Pay attention to the plants’ hues when selecting them. Plants with similar-colored leaves should be grouped together to create a unified appearance. Choose plants with colorful foliage for greater variation.

Use Plenty of Decorative Pots

Pot selection can go one of two ways, depending on personal choice, just like plant color selection. To give the impression that the arrangement is part of a set, choose pots with similar finishes and hues. Or, for a more eclectic look, combine all of your favorite pots in various materials and shades.

Don’t Forget Houseplant Care

Houseplants should be grouped according to their demands and preferred conditions. For instance, to create a pocket of moisture, place plants that require humidity, like ferns, adjacent to other plants with the same requirements. It will be difficult for one (or both) of the plants to survive if they are placed in the same region of the house that receives both sun and shade.

Where should feng shui plants be placed in a home?

Feng shui plants can be good or harmful, and placement is important. When we talk about how to arrange your plants, we mostly mean how you arrange them in particular spots in your living room, bedroom, or other parts of your house. Finding plants that match your space well and are not crowded or too small for the area is vital since feng shui places a lot of emphasis on the overall “feeling of a room. The plants must be strong and healthy!

What is Bagua and why is it important?

One of the basic feng shui tools is the bagua, an eight-sided “energy map” that is used to assess the energy of the green space in your home. The eight sections—Career, Wisdom/Knowledge, Finances, Family, Fame, Relationships, Children/Creativity, Supportive People, and Health—and the center all correspond to various life situations. In order to establish harmony and well-being in a location, plants can be employed to connect these eight sides of the map.

Good feng shui plants

This comprises plants with a strong presence and a reputation for purifying the air. Philodendron, Areca Palms, Ferns, Jade, Money Tree, and Mother in Law Tongue are a few of these. This feature of the plant is crucial since positive energy cannot exist in a house or office without clean, high-quality air. As it’s crucial to have a strong, robust plant that exudes a powerful energy, appearances also matter a lot. Keep your plants healthy and pair them with attractive containers so they can provide brightness and a joyous energy. Struggling plants might not be able to provide these attributes.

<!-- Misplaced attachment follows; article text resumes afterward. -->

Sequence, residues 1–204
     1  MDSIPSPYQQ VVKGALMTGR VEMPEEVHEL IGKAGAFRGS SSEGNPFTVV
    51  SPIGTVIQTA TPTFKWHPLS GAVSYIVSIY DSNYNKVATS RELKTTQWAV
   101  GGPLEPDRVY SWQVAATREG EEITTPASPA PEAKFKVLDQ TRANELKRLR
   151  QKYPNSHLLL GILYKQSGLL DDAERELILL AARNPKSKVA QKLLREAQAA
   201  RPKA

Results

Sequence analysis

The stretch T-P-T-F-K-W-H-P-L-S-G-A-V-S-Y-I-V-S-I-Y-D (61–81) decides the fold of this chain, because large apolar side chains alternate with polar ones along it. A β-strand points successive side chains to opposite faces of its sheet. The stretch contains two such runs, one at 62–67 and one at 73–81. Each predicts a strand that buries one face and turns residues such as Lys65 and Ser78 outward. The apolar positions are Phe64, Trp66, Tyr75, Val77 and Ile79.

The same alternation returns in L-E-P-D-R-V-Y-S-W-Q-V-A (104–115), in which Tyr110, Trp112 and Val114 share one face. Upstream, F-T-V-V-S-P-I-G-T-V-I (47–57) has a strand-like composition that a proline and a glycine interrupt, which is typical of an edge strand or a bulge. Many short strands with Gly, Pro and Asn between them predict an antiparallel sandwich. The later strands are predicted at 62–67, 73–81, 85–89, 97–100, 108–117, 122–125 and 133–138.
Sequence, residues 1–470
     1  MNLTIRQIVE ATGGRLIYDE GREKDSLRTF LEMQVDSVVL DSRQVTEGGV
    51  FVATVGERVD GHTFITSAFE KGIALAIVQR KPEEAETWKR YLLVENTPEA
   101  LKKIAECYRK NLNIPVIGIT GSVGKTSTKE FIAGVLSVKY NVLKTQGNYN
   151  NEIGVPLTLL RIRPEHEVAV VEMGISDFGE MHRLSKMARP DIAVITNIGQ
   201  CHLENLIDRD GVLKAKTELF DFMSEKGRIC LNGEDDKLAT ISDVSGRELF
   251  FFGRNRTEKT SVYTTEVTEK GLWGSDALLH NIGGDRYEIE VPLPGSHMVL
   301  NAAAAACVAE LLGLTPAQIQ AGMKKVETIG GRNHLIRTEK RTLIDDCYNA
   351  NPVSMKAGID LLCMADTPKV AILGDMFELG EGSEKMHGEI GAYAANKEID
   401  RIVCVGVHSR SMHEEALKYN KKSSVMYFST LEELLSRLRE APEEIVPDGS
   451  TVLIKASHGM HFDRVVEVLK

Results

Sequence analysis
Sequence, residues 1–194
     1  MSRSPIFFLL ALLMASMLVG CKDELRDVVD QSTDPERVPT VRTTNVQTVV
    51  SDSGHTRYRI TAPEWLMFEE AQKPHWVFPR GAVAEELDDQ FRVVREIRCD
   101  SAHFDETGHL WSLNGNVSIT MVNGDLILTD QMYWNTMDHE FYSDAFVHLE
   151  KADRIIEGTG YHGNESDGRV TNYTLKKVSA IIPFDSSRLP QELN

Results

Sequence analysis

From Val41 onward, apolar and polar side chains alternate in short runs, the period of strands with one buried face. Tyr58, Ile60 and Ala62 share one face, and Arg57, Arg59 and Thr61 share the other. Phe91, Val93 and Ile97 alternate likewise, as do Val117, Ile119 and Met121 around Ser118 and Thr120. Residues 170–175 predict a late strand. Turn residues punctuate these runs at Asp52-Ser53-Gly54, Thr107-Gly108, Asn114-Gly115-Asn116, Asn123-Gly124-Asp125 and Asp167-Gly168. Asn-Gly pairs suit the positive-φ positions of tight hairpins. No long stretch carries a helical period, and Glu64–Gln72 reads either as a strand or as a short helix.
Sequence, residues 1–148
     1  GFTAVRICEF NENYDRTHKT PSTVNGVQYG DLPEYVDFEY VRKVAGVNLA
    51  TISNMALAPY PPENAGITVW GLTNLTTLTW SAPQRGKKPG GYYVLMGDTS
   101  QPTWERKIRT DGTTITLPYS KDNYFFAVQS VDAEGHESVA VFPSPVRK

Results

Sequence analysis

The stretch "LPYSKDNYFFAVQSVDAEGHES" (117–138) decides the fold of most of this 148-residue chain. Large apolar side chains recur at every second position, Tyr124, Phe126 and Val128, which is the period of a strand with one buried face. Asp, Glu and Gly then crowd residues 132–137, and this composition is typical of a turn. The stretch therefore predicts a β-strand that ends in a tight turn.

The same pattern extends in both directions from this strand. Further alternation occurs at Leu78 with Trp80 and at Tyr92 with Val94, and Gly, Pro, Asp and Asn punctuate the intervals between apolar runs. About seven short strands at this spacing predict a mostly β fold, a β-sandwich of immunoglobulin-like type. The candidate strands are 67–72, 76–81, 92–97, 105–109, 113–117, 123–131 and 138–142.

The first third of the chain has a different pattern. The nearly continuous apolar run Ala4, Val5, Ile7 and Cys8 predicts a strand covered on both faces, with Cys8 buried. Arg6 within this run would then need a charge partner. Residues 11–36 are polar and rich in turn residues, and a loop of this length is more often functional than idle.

Bad feng shui plants

These plants are typically thought of as having a form that can attract negative energy. A common example of a so-called negative feng shui plant is the cactus because of its highly “spiky” energy. The snake plant’s long, pointed leaves may also be regarded as having poor feng shui. However, the snake plant is thought to be beneficial and has powerful protection powers for particular sections of your house.

Positioning of Feng Shui Plants

Plants work well in the East, Southeast, and South bagua zones in feng shui. To maintain your plants healthy, experiment with where they should be placed in your living room, bedroom, and other parts of your house. This will produce a setting where plants will blend in seamlessly with your decor and enhance the feng shui of your green space.

Money Tree Brings Fortune and Luck

The Money Tree is one of the most popular feng shui plants. Its moniker is appropriate given that it is thought to promote riches and luck. According to some Feng Shui experts, these plants can also help prevent disputes and sleeping issues while lowering tension and anxiety. The finest luck is brought by planting this bonsai tree with braided trunks in the places for money (office), health (kitchen), or fame (entry-ways). With all of these advantages, it is understandable why they make wonderful housewarming and new company gifts.

Peace Lily Purifies the Air

Excellent indoor plants for your home or office’s green space are peace lilies. They are wonderful at purifying the air in the rooms they are in, as well as growing well in dimly lit areas, in addition to brightening up a living space (although they bloom in areas with more light). Placement in an office space can assist to enhance air quality and repair energetic imbalances because they have lovely white blooms and thick foliage.